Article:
Is the Leadership in Energy and Environmental Design program (LEED) delivering actual energy savings? This study addresses that question with a post-occupancy assessment of 121 LEED buildings across the United State. Input to the study consisted of energy bills and brief descriptions of actual building use from owners, plus modeled energy usage information from the U.S. Green Buildings Council‘s (USGBC) LEED submittal files. The actual building performance was viewed through several whole-building metrics: energy use intensity (EUI) relative to national averages, Energy Star ratings, and energy use levels relative to the initial energy modeling (covered in more detail in Frankel, 2008). Two overall results emerged. First, across each of these varied measurements, LEED building performance averaged 25 – 30% better than the benchmark. However, there is also wide variation within the individual results, even for similar building activities and climate zones, suggesting potential for significant further improvements. This paper presents general EUI patterns, Energy Star ratings, and their relationship to LEED energy credits. The discussion also covers the study process and current challenges to such efforts.

Hewitt, D.; Turner, C.; Frankel, M.

2008-10-01T23:59:59.000Z

419

Evaluation of Vegetative Roofs' Performance on Energy Consumption in Hot and Humid Climates  

E-Print Network (OSTI)

Green roofs have been widely used in Europe proved to be beneficial. However, in the US they are not widespread. Previous studies have concluded that the main obstacle that makes architects, developers, etc. reluctant to introduce vegetative roofs is their preference for the traditional roofing since it is a tried-and-true technology. A positive feedback on the performance of vegetative roofs will encourage developers and possibly government authorities to invest more in them. Therefore, a survey was conducted to determine the performance of green roofs in existing buildings in hot and humid climates. This paper presents the results of this survey of around 40 buildings. The methodology and pertinent questions are also presented. Due to the many parameters involved in determining the rate of energy consumption in a building, a definite conclusion regarding how much exactly they can effect on saving can not be drawn, however, the results showed that green roofs can result in saving in the annual energy consumption and using shrubs as well as increasing soil thickness were found to be most effective in reducing building energy consumption.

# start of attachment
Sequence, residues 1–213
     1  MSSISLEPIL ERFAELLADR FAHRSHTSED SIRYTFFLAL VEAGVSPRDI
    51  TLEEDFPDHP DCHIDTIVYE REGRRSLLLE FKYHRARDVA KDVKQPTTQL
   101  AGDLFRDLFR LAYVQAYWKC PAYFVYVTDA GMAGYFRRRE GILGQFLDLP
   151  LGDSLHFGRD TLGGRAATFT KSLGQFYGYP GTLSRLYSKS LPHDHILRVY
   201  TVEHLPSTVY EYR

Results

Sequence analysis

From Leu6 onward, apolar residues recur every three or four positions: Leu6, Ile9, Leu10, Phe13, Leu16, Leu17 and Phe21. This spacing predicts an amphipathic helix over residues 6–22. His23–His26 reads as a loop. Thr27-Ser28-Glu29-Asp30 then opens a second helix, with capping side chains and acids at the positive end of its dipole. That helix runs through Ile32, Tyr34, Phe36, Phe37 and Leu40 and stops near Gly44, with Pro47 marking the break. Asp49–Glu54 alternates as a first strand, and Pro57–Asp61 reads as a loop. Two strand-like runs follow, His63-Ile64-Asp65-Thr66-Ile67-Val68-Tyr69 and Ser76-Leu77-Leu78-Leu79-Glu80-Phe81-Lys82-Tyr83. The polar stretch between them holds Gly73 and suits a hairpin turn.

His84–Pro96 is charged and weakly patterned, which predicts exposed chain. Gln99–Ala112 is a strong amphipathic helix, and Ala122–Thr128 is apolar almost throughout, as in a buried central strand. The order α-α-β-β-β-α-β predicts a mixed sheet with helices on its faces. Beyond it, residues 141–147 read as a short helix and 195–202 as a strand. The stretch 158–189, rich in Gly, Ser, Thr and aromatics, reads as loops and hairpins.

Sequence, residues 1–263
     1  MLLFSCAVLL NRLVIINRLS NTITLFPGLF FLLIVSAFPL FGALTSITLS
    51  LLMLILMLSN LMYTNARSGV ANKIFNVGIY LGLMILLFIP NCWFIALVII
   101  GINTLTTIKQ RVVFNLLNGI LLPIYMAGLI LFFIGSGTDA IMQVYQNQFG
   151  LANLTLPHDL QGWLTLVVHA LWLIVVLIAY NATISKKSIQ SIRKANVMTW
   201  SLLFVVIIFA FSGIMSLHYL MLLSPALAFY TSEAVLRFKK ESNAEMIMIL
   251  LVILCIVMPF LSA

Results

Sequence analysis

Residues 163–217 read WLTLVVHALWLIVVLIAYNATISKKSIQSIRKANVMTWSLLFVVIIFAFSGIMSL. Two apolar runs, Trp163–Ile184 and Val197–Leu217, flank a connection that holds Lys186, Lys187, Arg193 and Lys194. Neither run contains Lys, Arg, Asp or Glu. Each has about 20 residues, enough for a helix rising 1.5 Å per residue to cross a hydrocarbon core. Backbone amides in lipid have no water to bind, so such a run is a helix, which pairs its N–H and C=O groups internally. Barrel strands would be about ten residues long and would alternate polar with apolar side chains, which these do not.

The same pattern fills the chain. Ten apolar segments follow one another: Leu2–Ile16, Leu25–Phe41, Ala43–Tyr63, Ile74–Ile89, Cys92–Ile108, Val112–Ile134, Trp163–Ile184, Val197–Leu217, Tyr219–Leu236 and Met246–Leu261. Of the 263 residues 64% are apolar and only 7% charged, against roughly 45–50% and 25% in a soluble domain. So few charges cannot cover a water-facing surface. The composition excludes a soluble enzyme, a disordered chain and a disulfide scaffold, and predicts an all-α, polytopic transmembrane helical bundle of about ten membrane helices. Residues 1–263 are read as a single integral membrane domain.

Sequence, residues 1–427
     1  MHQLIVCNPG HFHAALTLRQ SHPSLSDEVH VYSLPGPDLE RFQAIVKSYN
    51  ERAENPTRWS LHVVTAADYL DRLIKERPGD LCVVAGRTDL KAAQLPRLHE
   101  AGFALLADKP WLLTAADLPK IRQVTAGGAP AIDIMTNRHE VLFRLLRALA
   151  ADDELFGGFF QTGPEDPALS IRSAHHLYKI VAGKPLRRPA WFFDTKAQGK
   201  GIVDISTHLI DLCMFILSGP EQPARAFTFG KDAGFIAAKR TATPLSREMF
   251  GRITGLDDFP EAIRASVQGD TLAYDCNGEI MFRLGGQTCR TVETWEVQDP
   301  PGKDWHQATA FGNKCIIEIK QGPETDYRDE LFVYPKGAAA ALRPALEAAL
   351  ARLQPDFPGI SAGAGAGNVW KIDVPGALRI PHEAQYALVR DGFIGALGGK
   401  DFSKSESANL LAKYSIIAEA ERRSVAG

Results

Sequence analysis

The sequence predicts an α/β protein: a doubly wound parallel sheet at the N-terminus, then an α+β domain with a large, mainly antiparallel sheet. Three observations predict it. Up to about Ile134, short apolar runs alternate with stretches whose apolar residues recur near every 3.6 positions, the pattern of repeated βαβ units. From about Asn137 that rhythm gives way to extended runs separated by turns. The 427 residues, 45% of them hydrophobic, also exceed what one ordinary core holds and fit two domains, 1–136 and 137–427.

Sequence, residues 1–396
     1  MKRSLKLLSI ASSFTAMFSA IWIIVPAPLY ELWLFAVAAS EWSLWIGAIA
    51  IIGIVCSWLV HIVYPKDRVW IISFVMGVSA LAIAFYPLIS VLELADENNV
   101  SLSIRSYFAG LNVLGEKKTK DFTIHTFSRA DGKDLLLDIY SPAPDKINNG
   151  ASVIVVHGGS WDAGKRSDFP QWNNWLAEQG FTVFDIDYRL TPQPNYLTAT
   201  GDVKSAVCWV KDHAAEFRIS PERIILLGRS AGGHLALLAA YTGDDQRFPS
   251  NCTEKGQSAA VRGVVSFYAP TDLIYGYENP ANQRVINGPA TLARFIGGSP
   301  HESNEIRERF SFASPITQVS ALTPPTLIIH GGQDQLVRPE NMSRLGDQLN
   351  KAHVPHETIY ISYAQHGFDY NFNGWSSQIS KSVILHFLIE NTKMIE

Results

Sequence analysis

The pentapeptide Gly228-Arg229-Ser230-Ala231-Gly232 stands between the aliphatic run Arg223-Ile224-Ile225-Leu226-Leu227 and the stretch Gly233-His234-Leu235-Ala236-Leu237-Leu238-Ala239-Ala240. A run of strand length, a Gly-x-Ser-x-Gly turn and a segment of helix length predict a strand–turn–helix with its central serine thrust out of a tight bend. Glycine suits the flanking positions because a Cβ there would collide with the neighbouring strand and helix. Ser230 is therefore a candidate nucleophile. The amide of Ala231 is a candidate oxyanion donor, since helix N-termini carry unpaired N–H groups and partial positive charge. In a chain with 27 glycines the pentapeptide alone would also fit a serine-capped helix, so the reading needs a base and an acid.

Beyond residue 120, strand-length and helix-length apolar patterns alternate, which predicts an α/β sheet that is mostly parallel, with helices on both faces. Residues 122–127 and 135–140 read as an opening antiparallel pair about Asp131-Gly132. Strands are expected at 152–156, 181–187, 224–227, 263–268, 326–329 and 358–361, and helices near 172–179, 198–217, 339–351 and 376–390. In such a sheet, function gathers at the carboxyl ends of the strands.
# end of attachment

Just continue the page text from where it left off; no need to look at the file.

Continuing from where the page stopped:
Anderson, J.; Azarbayjani, M.

2008-12-01T23:59:59.000Z

420

Solar energy system performance evaluation - final report for Honeywell OTS 45, Salt River Project, Phoenix, Arizona  

DOE Green Energy (OSTI)

This report describes the operation and technical performance of the Solar Operational Test Site (OTS 45) at Salt River Project in Phoenix, Arizona, based on the analysis of data collected between April 1981 and March 31, 1982. The following topics are discussed: system description, performance assessment, operating energy, energy savings, system maintenance, and conclusions. The solar energy system at OTS 45 is a hydronic heating and cooling system consisting of 8208 square feet of liquid-cooled flat-plate collectors; a 2500-gallon thermal storage tank; two 25-ton capacity organic Rankine-cycle-engine-assisted water chillers; a forced-draft cooling tower; and associated piping, pumps, valves, controls and heat rejection equipment. The solar system has eight basic modes of operation and several combination modes. The system operation is controlled automatically by a Honeywell-designed microprocessor-based control system, which also provides diagnostics. Based on the instrumented test data monitored and collected during the 8 months of the Operational Test Period, the solar system collected 1143 MMBtu of thermal energy of the total incident solar energy of 3440 MMBtu and provided 241 MMBtu for cooling and 64 MMBtu for heating. The projected net annual electrical energy savings due to the solar system was approximately 40,000 kWh(e).

Mathur, A K

1983-09-01T23:59:59.000Z

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421